LINDENHURST, N.Y. (AP) — A 21-year-old woman and a teenage girl described as a runaway were forced to work as prostitutes and prevented from leaving a suburban New York home — one allegedly for more than a year — before authorities rescued them and arrested the man suspected of keeping them captive, police said Wednesday.
Andy Gayot, 35, of Lindenhurst, was arrested on Tuesday at his Long Island home after probation department officials acquired a search warrant after sensing "something didn't smell right" about conditions during a prior visit to the modest two-story home on a quiet middle-class suburban street, Suffolk County Police Det. Lt. Robert Edwards said.
Suffolk County police, probation department officers and FBI agents took part in the arrests.
Gayot pleaded not guilty to prostitution, rape, unlawful imprisonment, weapons and drug and other charges on Wednesday. Bond was set at $1,002,500. Defense attorney Larry Flowers said his client denied the allegations. "Once all the facts are known, we believe he will be vindicated," Flowers said.
Edwards said the man had an extensive criminal record with arrests for narcotics, violating orders of protection and driving violations. At a news conference on Wednesday, he described the home as a "flop house" where transients would come and go.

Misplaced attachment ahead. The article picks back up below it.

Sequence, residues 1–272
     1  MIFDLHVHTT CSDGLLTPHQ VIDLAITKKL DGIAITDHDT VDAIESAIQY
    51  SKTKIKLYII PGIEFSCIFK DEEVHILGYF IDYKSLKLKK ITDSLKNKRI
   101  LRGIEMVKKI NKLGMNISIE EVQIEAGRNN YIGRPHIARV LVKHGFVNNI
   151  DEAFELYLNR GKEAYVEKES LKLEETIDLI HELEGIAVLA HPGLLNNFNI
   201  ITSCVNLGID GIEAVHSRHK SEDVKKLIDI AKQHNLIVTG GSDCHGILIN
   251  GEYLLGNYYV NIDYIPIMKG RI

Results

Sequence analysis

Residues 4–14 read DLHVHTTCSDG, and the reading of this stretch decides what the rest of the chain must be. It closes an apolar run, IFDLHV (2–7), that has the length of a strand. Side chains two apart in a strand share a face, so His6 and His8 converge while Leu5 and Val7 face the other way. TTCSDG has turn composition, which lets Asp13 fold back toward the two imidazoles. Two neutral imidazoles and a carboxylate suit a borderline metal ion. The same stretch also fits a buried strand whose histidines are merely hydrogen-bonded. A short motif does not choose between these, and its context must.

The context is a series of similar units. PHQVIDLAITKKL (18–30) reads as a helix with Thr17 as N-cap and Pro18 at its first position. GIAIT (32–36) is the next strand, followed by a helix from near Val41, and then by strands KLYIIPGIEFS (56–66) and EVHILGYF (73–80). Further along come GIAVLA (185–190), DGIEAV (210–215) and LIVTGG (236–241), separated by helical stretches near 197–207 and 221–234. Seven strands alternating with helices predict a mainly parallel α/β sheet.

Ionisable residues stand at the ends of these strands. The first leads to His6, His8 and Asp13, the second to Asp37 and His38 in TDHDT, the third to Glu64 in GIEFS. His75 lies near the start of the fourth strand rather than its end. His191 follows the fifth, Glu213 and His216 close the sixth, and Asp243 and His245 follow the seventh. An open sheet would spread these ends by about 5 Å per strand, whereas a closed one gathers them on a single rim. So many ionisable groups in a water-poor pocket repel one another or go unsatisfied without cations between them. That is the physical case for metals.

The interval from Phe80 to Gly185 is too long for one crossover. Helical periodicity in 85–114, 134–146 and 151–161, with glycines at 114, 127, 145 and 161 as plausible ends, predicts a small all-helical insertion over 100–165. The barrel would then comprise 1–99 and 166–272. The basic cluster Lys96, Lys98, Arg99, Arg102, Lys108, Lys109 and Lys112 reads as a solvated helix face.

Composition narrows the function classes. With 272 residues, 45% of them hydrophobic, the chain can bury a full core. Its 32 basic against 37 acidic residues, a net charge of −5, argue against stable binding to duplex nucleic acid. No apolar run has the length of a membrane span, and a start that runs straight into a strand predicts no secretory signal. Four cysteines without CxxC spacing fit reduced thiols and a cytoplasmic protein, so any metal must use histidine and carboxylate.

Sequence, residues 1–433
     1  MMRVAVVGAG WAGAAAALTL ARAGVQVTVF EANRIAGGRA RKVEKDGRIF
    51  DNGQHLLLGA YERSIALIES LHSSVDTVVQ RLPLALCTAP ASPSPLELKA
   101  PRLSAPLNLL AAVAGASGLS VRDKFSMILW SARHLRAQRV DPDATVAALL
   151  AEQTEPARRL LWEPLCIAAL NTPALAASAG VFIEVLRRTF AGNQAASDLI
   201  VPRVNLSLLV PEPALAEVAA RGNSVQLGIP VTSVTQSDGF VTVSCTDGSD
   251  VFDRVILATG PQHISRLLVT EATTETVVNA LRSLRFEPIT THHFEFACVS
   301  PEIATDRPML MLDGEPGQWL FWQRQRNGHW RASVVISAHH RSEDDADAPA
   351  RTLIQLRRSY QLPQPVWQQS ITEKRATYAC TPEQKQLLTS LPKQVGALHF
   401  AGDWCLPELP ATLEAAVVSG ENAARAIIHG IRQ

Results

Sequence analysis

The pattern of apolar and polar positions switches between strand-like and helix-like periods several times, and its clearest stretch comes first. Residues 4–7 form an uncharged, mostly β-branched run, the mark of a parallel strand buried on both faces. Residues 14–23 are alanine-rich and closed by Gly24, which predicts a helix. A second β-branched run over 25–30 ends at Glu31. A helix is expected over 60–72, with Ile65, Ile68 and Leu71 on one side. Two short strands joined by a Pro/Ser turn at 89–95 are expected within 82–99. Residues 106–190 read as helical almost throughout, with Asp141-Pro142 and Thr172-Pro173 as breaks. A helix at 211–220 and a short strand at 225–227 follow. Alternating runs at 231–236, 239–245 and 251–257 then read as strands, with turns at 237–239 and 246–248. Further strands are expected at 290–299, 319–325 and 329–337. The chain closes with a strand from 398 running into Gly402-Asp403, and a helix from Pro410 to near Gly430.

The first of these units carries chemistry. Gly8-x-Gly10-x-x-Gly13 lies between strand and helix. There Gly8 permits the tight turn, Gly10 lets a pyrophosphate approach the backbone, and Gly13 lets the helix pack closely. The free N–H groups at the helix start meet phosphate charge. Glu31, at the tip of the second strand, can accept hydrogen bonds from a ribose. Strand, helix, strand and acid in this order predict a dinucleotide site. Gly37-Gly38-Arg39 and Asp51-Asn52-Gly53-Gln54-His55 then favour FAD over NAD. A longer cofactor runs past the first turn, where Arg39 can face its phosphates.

A person behind the door at the house told a reporter to leave his property on Wednesday. All the blinds were shut on windows on the first and second floors, and a dog barked loudly from inside.
Edwards declined to discuss the condition or whereabouts of the women, other than to say they are Long Island residents. He described the 15-year-old as a runaway; she was allegedly held for about four months while the older woman was a captive for more than a year. Edwards said the women were not forcibly held, but were victims of "physical abuse, threats of force and were given large amounts of narcotics to keep them compliant."
He said the women were driven by Gayot to undisclosed locations, where they were forced to engage in sex for money. Edwards said the women never received any compensation. "They got paid in food and narcotics," he said.
One neighbor of the Lindenhurst home, Susan Luff, said she had seen cars coming and going frequently at the house over the past several months, but didn't know anything about women allegedly being held.